We’ve heard about winterizing our homes and vacation cottages, but what about your storage shed? Many people who do gardening or yardwork on their property have a shed to keep tools and equipment. While you may not give much thought to the condition of the shed during warmer months, it’s essential to protect your belongings from winter weather.

What steps can you take to winterize your backyard shed?

Inspect the Shed

The first step is to empty everything out of the shed, so you can:

  • Sweep the floors to remove dirt and debris
  • Look for damage, including gaps that pests could enter
  • Add weather-stripping below the doors and windows

In addition to these, one of the most important inspections to make is the roof. If there are loose or missing shingles, a weak spot could cause a leak when winter precipitation arrives. A damaged roof likely won’t be able to handle New England snowfalls!

Take Inventory

After the shed has been cleared out, go through the clutter and throw away any broken tools or supplies. Clean the equipment you will be keeping and organize them by category – for instance, lawn care versus gardening tools. To maximize storage space, large tools can hang from hooks on the wall and smaller items can be stored on sturdy shelves.

Treat Surrounding Area

Make sure the greenery surrounding your storage shed is trimmed back. An overhanging branch that gets weighed down with snow and ice could fall on the shed and cause serious damage. Also create a clear path to the shed by trimming overgrown bushes, so you can easily access winter tools.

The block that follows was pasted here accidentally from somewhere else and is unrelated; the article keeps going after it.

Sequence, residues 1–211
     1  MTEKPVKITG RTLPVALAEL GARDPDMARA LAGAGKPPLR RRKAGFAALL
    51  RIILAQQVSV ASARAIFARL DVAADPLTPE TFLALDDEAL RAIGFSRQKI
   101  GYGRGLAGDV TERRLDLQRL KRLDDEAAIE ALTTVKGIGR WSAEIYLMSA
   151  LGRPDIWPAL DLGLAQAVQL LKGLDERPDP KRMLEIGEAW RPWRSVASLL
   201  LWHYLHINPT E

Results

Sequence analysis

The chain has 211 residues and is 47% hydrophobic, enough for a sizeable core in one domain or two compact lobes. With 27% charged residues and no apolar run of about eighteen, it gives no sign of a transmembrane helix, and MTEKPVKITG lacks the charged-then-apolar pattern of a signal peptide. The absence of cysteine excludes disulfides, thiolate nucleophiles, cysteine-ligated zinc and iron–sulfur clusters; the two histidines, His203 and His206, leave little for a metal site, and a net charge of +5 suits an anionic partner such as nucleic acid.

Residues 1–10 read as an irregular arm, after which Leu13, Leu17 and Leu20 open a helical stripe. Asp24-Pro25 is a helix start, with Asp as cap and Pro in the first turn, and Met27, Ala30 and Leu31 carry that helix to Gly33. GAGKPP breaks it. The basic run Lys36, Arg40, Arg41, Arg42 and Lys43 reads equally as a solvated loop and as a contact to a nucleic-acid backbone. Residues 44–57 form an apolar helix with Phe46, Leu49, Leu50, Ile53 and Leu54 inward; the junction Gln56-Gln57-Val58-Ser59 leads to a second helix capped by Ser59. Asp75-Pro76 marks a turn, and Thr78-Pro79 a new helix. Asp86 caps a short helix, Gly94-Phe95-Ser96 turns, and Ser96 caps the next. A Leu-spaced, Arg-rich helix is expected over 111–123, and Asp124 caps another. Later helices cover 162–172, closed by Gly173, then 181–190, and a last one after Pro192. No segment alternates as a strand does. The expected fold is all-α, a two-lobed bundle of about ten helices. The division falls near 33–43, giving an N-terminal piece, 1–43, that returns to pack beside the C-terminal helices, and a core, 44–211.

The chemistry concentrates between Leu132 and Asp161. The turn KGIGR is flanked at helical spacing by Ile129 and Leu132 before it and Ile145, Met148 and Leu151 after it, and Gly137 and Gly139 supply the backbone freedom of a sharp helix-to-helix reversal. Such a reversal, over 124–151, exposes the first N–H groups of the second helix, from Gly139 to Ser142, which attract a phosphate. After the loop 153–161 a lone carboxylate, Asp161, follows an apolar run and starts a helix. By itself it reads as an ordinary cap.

Empty Fuel Tanks

Motorized equipment like lawn mowers and leaf blowers should not be stored with old gasoline in the tank. Unused fuel can thicken, gum up and rust the carburetor come spring. A fuel stabilizer added to fresh gasoline is another alternative to draining the tank.

Finishing Touches

No matter how well you seal your shed with weather-stripping and new roof shingles, the outside temperatures will drop below freezing throughout the winter. For an extra layer of protection, cover tools and equipment with a tarp to reduce exposure and dust buildup.

Finally, oil the door lock throughout the cold months, so you don’t have a rusty lock in the spring.
Property management is an important part of what makes By Carrier communities award-winning! To learn more about our central Connecticut properties, contact us today.

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